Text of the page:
WASHINGTON – In contrast to the 2000 and 2004 presidential election cycles, when some saw Republican candidates as too cozy with religious leaders and too willing to bring their faith into the public sphere, this year’s GOP candidates for president have been relatively quiet on the topic of religion.
The Democratic presidential candidates, on the other hand, have lost the reticence of recent years and are talking openly about their faith experiences and how that would affect their political decisions.
But the Rev. C. Welton Gaddy, a Baptist minister who is president of the Interfaith Alliance, isn’t any happier with the Democrats now than he was with the Republicans then.
“We’re electing a commander in chief, not a pastor in chief,” he said at an Oct. 10 panel discussion with Diana Eck, director of the Pluralism Project at Harvard University in Cambridge, Mass., and Amy Caiazza, study director for democracy and society programs at the Institute for Women’s Policy Research in Washington.
The panelists were critical of several recent developments in the faith and politics arena, including:
– An Oct. 7 talk by Democratic Sen. Barack Obama of Illinois at Redemption World Outreach Center in Greenville, S.C., in which he said “God’s spirit is traveling with us and he wants us to do the right thing” and asked the congregation to “pray that I can be an instrument of God.”
– A recent statement by Republican Sen. John McCain of Arizona that the United States was created as “a Christian nation” under the Constitution.
– Moderator Tim Russert’s request during the Democratic debate at Dartmouth College in New Hampshire in late September for each candidate to name his or her favorite Bible verse.
Not one candidate said the question had no place in a debate about the leadership of the country for the next four years, Eck said. The candidates “are not running to be president of all Christians, but to be president of all Americans,” she added.
For the record, Obama named the Sermon on the Mount, Sen. Hillary Clinton of New York said the golden rule and former Sen. John Edwards of North Carolina said, “What you do unto the least of those, you do unto me.”
The Dartmouth debate also included four Catholic candidates whose bids for the presidency are considered long shots. In response to the Bible verse question, Rep. Dennis Kucinich of Ohio named the prayer of St. Francis; New Mexico Gov. Bill Richardson the Sermon on the Mount; Sen. Christopher Dodd of Connecticut the parable of the good Samaritan; and Sen. Joseph Biden of Delaware “Christ’s warning of the Pharisees.”
“There are many Pharisees, and it’s part of what has bankrupted some people’s view about religion,” Biden said. “And I worry about the Pharisees.”
The latest poll on religion and politics by the Pew Forum on Religion & Public Life found that nearly seven in 10 Americans think it is important for a president to have strong religious beliefs and 58 percent think it is proper for journalists to ask candidates about their religious beliefs.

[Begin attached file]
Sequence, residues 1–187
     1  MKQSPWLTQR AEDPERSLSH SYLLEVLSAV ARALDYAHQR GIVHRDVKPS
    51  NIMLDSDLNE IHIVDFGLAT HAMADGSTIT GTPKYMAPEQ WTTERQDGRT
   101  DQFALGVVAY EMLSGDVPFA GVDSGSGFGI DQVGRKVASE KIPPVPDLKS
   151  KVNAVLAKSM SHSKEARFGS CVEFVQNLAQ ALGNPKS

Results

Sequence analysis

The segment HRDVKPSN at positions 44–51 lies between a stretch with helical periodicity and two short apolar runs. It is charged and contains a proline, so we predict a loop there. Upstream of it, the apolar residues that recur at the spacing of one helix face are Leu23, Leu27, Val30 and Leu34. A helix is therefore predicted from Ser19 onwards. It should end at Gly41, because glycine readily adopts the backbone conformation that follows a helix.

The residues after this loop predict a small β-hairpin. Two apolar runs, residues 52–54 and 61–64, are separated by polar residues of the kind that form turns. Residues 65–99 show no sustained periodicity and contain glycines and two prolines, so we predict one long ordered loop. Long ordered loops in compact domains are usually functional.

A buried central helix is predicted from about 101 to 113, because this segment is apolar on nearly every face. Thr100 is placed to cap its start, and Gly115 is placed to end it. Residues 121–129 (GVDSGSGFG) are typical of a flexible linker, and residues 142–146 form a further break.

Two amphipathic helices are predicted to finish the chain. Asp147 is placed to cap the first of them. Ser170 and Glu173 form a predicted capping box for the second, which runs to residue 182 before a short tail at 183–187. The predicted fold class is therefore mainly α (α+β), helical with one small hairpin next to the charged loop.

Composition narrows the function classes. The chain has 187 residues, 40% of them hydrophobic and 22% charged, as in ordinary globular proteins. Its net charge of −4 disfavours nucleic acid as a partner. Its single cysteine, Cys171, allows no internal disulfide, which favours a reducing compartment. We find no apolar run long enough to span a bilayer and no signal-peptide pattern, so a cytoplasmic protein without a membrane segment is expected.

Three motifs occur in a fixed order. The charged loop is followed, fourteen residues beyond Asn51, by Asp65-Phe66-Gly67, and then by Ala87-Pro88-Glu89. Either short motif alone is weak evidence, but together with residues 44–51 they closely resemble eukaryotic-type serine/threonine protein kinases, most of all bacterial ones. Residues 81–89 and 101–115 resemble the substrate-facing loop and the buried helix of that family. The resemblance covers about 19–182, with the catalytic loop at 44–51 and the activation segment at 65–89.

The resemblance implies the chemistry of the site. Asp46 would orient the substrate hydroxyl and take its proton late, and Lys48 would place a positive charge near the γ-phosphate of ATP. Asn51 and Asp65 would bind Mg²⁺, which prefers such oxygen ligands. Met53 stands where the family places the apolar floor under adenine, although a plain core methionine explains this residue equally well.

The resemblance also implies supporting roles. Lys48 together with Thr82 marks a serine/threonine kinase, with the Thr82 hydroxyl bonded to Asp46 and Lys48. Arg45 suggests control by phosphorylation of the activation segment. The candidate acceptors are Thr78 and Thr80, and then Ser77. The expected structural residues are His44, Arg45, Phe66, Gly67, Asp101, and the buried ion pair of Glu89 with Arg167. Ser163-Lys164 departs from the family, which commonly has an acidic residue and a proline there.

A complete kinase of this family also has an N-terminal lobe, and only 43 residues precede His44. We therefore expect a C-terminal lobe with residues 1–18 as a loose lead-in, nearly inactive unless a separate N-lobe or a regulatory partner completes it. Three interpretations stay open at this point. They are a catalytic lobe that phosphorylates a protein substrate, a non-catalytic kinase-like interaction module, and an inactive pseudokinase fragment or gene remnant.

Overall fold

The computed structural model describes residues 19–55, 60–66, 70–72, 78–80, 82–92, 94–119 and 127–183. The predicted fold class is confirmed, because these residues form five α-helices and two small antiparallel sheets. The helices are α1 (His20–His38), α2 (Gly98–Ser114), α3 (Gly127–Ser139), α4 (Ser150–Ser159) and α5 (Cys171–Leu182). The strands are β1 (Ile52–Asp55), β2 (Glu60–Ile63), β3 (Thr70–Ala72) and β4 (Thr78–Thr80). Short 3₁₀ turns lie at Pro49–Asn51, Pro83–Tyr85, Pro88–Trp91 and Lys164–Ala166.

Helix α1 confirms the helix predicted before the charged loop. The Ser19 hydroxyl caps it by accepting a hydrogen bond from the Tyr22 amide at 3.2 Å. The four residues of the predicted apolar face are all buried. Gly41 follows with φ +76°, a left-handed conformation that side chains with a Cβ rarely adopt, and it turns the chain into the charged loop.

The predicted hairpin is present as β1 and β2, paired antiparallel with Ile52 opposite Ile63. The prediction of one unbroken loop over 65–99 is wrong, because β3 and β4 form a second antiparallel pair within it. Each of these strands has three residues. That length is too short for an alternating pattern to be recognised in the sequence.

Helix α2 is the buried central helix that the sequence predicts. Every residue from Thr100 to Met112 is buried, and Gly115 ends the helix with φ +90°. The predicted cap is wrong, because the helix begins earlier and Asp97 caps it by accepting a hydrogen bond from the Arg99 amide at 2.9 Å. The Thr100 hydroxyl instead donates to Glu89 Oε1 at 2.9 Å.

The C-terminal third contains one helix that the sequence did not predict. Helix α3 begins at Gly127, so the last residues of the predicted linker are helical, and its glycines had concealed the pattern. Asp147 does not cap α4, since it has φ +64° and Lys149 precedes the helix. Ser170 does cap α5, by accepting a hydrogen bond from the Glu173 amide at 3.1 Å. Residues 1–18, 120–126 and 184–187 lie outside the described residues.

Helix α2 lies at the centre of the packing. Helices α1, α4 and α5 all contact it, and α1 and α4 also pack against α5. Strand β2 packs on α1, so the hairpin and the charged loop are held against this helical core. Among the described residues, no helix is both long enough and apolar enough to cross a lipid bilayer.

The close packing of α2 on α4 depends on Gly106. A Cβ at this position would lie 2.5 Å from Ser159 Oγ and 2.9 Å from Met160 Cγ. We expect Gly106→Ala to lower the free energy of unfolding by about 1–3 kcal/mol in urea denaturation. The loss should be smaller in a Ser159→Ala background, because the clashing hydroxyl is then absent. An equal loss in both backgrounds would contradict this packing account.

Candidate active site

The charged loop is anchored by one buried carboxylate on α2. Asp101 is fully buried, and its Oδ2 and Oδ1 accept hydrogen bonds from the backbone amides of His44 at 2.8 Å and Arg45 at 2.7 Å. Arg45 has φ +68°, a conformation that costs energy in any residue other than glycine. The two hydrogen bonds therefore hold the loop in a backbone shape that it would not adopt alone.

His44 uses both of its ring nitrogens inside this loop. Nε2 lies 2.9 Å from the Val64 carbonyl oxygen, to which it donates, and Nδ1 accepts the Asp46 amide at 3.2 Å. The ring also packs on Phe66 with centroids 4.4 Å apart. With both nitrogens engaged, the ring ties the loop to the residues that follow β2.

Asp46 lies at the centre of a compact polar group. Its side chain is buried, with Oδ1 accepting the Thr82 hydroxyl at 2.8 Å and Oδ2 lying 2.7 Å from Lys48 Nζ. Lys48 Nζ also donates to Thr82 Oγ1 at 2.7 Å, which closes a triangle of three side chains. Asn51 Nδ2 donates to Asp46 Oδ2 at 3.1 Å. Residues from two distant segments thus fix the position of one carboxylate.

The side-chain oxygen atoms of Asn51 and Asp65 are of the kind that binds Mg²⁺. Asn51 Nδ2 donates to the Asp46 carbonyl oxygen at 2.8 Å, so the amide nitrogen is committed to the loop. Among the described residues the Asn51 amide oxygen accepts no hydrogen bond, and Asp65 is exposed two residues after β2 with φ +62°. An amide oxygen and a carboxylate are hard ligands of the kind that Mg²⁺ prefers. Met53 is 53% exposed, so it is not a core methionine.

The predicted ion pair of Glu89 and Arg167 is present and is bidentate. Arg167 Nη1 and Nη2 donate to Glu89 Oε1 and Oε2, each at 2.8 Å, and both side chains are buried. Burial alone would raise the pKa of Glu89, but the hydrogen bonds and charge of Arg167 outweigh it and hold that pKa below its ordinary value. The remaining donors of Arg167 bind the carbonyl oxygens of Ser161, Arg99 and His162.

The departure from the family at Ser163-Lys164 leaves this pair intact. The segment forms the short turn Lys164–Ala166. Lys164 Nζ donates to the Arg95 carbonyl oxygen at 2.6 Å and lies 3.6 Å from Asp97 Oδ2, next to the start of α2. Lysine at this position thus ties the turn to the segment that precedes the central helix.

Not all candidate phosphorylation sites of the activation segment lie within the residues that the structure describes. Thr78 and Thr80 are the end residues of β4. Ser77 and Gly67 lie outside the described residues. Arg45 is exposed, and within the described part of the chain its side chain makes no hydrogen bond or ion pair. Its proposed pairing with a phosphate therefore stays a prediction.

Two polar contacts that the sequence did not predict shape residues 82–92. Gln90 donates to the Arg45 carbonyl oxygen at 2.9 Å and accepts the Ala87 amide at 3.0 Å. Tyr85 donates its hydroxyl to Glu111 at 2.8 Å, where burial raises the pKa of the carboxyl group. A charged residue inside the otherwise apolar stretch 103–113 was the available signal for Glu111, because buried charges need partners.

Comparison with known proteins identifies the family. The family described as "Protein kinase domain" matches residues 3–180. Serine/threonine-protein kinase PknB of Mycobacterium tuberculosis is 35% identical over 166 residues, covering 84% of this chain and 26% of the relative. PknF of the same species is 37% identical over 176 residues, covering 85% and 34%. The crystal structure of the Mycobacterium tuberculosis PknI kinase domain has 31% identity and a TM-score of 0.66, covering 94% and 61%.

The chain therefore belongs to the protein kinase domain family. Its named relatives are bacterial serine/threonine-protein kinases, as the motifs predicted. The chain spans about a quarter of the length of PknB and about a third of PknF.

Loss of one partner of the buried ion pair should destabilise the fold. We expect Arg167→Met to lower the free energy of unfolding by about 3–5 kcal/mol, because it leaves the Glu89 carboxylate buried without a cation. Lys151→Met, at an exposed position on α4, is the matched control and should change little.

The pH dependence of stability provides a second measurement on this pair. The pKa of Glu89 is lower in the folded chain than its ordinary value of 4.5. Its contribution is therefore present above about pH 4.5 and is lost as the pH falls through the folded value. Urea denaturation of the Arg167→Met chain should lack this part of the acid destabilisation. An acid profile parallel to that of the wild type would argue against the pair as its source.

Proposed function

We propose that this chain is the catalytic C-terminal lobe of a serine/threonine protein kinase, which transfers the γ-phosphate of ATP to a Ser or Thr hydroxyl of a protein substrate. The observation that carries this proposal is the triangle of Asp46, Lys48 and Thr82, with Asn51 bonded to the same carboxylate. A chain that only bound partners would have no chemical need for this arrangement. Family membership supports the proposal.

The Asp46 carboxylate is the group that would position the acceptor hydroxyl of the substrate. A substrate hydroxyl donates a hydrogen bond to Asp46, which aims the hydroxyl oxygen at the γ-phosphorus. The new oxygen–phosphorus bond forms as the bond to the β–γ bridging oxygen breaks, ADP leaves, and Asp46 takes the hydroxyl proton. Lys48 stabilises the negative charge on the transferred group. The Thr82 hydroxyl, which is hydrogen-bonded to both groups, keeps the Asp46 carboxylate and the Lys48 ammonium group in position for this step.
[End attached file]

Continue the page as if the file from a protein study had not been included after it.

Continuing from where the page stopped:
Although Republicans, Southerners and evangelical Christians were more likely to agree that a president’s religious beliefs are important, the numbers were fairly consistent across religious, regional and other lines. The only group in which a majority disagreed about its importance was those without any religious affiliation.
Asked to assess various candidates and the current president in terms of how religious they are, 46 percent of respondents to the Pew survey released Sept. 6 said former Massachusetts Gov. Mitt Romney, a Republican, was very religious. President George W. Bush was second, at 43 percent.
But the two candidates considered the frontr-unners for their parties’ nomination – former New York Mayor Rudy Giuliani, a Republican, and Clinton – were judged the least religious, with 14 percent and 16 percent, respectively, saying they were very religious.
Rev. Gaddy said he believes a concentration on candidates’ religious beliefs can distract voters from looking in-depth at the candidates’ stands on important issues of domestic and foreign policy.
He said the best response on the question of candidates and faith came from the nation’s first Catholic president, John F. Kennedy, in a televised September 1960 speech to the Greater Houston Ministerial Association. In that talk, Kennedy said communism, poverty, education and the space race were far more critical election issues but had been obscured by debate about his Catholicism.
He described his belief “in an America where the separation of church and state is absolute – where no Catholic prelate would tell the president (should he be Catholic) how to act and no Protestant minister would tell his parishioners for whom to vote.”
“We’re not saying that candidates should not identify themselves as religious,” Rev. Gaddy said. “But the line is drawn when someone says, ‘You should vote for me because I’m a member of x church’ or ‘you shouldn’t vote for x’“ because he or she does not belong to a particular church.
“There are too many issues facing the nation for candidates to spend time discussing how they pray or what their biggest sin is,” he added.